Paul Mampilly Provides Average Americans with Investing Advice

Brandon Ferguson recently published an article on the Affiliate Dork website titled “Paul Mampilly is Helping Average Americans Make Millions.” The article reveals that after the 2008 economic crash when most Americans were suffering extraordinary losses, many hedge fund managers still managed to collect their usual fees. This led Paul Mampilly to feel that Wall Street was no longer the place for him and he wanted to help the average American gain financial independence and wealth through information.

Paul Mampilly spent nearly two decades working in positions on Wall Street. He shared his hard-won knowledge of the stock market with small investors through subscription newsletters after the economy took a nose dive. He even won a variety of prizes like the John Templeton Foundation prize after he managed a private account and was able to get unheard of returns. His choices led the account to gains of 76% when most people were fearing the collapse of the stock market. Paul Mampilly discovered that a key to getting gains in small investment was to buy stocks at the right time, but this is also one of the main reasons most investors don’t see the returns they want. They simply do not know when it is the right time to buy or what to invest in.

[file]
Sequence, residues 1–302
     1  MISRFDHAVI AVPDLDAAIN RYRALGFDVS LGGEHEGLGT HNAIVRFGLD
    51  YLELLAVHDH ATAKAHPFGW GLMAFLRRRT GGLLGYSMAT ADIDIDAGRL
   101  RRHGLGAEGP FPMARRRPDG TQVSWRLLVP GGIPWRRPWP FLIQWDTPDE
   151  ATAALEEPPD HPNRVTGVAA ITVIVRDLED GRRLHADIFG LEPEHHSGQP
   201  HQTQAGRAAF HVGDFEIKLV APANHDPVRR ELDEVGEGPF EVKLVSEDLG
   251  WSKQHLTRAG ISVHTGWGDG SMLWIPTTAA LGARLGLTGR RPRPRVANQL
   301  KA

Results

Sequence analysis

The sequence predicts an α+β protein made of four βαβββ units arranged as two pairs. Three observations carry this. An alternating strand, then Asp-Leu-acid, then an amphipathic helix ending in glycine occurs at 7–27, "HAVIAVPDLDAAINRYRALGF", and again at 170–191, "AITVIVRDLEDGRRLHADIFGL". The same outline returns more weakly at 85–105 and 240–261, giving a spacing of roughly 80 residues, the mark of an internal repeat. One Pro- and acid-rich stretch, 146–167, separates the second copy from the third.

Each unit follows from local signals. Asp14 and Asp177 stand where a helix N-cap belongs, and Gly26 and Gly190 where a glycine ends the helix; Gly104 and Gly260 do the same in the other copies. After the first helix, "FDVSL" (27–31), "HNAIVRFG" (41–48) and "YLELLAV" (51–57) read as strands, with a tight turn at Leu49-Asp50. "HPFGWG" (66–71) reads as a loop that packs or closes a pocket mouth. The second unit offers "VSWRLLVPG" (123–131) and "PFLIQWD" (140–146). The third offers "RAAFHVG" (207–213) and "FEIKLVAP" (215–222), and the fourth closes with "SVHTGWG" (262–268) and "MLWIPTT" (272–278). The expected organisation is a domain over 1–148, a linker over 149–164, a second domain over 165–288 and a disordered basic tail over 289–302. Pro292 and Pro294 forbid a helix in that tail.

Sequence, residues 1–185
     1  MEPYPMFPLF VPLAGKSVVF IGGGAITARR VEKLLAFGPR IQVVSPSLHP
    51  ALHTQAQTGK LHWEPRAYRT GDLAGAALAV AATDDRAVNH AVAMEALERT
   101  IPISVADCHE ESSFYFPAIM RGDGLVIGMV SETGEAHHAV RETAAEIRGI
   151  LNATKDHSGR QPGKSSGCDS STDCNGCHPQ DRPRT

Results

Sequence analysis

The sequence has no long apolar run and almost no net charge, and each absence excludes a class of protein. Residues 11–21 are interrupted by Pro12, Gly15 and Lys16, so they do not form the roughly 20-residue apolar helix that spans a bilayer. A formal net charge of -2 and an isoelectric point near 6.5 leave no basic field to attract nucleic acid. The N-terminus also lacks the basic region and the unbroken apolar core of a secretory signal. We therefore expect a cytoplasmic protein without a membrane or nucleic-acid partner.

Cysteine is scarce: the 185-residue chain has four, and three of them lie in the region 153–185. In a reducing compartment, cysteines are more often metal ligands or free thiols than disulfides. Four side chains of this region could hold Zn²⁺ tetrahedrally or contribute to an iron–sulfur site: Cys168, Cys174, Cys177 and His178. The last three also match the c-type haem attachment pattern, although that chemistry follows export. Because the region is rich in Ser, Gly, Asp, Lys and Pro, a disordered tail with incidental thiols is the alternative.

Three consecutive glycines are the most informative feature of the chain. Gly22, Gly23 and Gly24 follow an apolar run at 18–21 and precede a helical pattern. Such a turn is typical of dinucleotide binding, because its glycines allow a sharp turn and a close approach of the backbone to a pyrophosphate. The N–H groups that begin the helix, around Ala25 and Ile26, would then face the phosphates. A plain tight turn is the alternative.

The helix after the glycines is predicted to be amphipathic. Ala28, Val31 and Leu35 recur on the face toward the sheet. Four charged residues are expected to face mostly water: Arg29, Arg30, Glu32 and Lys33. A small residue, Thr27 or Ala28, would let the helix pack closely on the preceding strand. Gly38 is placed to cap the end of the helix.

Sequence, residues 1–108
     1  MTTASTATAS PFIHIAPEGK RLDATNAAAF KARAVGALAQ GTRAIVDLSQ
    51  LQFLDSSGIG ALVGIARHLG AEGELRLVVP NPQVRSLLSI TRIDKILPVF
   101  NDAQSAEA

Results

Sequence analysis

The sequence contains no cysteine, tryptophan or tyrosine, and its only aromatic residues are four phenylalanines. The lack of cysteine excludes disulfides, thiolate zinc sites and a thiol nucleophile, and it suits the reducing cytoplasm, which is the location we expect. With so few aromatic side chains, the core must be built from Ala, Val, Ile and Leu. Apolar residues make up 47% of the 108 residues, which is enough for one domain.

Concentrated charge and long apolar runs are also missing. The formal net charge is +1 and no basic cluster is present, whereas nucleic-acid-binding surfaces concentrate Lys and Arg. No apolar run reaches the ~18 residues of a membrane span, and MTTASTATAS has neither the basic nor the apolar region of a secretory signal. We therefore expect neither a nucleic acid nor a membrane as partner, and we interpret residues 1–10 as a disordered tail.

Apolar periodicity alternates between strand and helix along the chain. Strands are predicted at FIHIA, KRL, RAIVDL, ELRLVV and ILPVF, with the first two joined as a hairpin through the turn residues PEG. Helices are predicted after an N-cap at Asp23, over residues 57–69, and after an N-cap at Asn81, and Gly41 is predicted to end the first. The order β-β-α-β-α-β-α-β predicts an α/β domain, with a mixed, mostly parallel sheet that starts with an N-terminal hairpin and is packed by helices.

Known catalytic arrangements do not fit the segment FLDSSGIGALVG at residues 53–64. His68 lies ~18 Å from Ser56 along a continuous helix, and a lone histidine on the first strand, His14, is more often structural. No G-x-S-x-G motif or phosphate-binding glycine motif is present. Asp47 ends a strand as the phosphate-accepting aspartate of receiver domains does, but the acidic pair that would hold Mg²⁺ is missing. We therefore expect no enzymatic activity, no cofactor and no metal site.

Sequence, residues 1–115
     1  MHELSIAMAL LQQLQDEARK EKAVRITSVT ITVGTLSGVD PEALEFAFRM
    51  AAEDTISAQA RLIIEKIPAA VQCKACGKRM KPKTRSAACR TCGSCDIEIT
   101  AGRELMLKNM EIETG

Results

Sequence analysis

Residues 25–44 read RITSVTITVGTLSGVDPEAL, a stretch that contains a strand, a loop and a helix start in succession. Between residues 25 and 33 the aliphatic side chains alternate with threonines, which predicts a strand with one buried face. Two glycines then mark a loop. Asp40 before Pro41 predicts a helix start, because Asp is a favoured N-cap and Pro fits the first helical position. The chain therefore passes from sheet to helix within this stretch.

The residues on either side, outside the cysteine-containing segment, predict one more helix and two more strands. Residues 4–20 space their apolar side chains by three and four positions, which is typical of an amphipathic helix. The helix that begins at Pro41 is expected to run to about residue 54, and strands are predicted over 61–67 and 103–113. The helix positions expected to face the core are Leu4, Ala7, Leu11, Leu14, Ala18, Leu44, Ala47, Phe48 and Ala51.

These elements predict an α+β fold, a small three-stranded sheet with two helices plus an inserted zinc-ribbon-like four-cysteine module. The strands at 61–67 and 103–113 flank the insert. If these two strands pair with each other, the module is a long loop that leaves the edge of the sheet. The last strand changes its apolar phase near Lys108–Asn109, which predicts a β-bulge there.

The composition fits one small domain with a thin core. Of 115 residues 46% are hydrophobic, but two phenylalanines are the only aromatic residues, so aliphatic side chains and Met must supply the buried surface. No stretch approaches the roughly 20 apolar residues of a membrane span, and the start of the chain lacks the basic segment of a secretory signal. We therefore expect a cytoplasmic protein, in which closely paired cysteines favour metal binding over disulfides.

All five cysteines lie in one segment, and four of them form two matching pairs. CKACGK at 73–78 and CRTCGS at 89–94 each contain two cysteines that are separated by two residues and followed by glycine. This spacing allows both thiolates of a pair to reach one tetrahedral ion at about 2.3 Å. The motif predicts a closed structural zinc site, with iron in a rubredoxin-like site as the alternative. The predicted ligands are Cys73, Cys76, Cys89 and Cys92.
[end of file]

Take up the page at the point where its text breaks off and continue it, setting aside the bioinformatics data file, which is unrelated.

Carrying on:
Paul Mampilly then went on to write and work for Agora Financial as the Director and Editor of the FDA Trader. He also started the Profits Unlimited and Extreme Fortunes newsletters to help the average investor make well-informed stock choices. Paul Mampilly joined Banyan Hill Publishing to publish these newsletters which now reach an audience of nearly 90,000 subscribers. Many of his readers have gained profits of nearly 40% since getting their subscription. Each week the readers are provided with an update that details the performance of the stocks he chose in his example portfolio.

One of Mampilly’s recent wins for his readers was the information on the technology revolution. He showed that learning is more about trial and error, not just reading thousands of books in his library but actually applying his knowledge to the real world.

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